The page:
I have just reviewed my syslog file and notice a TON of entries of the following:

Aug 25 13:06:17 ssrv001 mysqld: 150825 13:06:17 [Warning] Access denied for user 'root'@'' (using password: YES)

The ip is malicious as no one but myself has root access to this server. I will be removing remote access for the root mysqld user, however will this be enough to thwart this type of thing from happening?

I was also thinking about implementing something that will dissallow connections from ip addresses who have made invalid requests multiple times.

  • 9
    Do you really need to have your database open for the whole world to connect to it? Aug 25, 2015 at 19:46
  • Well...yes...and no. I use a remote client to administrate databases on this server and as I am behind a dynamic ip i cannot specify a strict ip for my user account. Root can most certainly be set to localhost only since I can ssh in to make changes that require root access. Aug 25, 2015 at 20:14
  • I can't comment on the database configuration, but the IP you list is of Chinese origin. Constant probling from the Chinese IP block is a very familiar event for anyone that hosts an edge device with some kind of open port/login field. Google "[your firewall] block chinese IP range" and you will usually find a pre-defined rule set that you can just plug in and use. Leaving your database server open to the general internet is probably not a great idea from a security point of view but you will see far less of these kinds of probes with China blocked.
    – Patrick
    Aug 26, 2015 at 8:27
  • 1
    @nullReference if you have a dynamic IP you can at least ask your (crappy) ISP to give you their IP ranges and only allow these ranges in the firewall. Any customer from that ISP could still try to break into your server but at least you'll be safe from the chinese. Aug 26, 2015 at 11:37
  • Should this be asked on Information Security SE
    – an earwig
    Aug 26, 2015 at 12:10

3 Answers 3


First of all, I will recommend you to allow login as root to mysql only from localhost. If you have to connect to mysql from another server - create new user and grant only needed permissions to it.

Also, you can use fail2ban or similar to add hackers IPs to black-list after a number of failed connection attempts.

And lastly, you may change your mysql port to avoid dumb brute-force attacks.

Learn more about securing your MySQL dbs on linux here: How To Secure MySQL and MariaDB Databases in a Linux VPS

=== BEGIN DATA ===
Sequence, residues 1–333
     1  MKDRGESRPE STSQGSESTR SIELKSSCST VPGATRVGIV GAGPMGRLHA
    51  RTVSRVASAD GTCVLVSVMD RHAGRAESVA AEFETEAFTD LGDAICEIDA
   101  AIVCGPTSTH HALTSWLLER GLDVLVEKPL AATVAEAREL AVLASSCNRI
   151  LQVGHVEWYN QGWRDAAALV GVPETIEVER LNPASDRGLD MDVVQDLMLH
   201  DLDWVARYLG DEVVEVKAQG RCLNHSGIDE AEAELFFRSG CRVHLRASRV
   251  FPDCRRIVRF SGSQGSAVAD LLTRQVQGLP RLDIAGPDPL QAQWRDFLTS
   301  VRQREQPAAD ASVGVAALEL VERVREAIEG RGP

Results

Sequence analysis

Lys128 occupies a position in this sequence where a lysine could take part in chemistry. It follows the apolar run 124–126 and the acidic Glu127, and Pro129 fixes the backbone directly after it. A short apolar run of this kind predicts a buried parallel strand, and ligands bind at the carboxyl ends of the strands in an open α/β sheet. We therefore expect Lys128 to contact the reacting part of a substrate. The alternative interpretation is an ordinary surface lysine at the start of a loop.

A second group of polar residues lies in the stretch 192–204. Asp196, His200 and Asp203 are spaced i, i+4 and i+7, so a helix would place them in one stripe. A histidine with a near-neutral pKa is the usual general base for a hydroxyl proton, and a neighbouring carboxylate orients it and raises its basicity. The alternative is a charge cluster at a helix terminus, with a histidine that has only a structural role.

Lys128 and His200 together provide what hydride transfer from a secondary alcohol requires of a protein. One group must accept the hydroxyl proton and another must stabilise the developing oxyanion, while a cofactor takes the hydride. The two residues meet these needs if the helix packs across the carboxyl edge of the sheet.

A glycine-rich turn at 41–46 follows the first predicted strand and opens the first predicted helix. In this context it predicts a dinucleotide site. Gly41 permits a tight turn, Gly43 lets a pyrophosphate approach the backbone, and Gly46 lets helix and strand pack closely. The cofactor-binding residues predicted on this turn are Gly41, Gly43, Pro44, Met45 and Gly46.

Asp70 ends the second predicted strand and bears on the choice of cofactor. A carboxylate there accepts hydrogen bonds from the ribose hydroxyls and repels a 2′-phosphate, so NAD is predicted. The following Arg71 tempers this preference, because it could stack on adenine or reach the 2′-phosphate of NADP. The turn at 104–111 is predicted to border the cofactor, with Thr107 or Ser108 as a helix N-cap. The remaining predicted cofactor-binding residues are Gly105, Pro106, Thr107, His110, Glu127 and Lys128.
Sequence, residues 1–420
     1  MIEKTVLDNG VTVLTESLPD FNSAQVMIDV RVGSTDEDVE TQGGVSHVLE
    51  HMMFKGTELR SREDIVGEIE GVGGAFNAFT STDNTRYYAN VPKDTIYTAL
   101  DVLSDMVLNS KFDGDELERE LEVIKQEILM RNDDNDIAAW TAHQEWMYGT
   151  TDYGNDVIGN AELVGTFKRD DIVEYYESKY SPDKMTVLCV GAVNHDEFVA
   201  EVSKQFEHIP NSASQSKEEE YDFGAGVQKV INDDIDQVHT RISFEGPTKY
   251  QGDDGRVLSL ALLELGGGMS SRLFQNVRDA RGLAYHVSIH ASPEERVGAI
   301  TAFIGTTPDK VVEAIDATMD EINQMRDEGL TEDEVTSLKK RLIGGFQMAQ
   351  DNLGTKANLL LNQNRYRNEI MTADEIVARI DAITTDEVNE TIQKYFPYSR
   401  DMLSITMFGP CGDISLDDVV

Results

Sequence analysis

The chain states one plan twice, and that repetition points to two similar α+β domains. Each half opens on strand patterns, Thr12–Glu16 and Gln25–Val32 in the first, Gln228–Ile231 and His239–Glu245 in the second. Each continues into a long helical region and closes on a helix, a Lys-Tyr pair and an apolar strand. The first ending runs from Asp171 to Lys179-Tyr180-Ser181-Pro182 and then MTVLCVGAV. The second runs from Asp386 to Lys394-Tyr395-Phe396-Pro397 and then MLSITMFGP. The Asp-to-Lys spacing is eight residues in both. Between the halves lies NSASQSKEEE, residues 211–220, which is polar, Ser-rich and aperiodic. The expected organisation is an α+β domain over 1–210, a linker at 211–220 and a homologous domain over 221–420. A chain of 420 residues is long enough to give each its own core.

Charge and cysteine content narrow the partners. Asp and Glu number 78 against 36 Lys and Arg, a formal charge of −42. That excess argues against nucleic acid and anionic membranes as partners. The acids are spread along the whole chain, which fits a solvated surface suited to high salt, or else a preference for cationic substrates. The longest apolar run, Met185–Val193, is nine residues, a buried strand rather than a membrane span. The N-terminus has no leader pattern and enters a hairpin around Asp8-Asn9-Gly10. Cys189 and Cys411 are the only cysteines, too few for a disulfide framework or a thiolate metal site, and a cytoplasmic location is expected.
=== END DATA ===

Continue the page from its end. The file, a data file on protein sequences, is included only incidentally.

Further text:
UPDATE: I forgot that MySQL have its own tools to block IPs after failed login attempts. You can use this in your mysql config file:

max_connect_errors = 5;

But by default, mysqld blocks a host after 10 connection errors.

Read more about it here: Server System Variables #sysvar_max_connect_errors and here: Host 'host_name' is blocked


I am with Maxim and knowhy, allow login as root to MySQL only from localhost. I would go even further allowing login for localhost or specific ips for all users.

Something you can do to connect to your remote MySQL server as a local user is ssh tunneling.

Something like this Should work for UNIX systems:

ssh -fNg -L 9999: user@yourhost.com

This will enable the client port 9999 as a "tunnel" to remote yourhost.com:3306 port.

For Windows systems, maybe Putty should do the trick. Take a look at this:


Most of the current MySQL graphical clients, allows tunneled connections, MySQL Workbench for example, works great:



You should block mysql with your iptables. This snippet will block mysql from any host other than localhost:

iptables -A INPUT -i lo -p tcp --dport mysql -j ACCEPT
iptables -A INPUT -p tcp --dport mysql -j DROP

Be aware that these settings in your iptables wont be persistent. Depending on your distribution you should edit your iptables configuration. For Redhat6 based systems you should edit /etc/sysconfig/iptables for example.

You should also disable remote root login in mysql with the following sql queries:

DELETE FROM mysql.user WHERE User='root' AND Host NOT IN ('localhost', '', '::1');

You could also think about implementing fail2ban to block IPs with too many failed logins. This serverfault question should help you with that.

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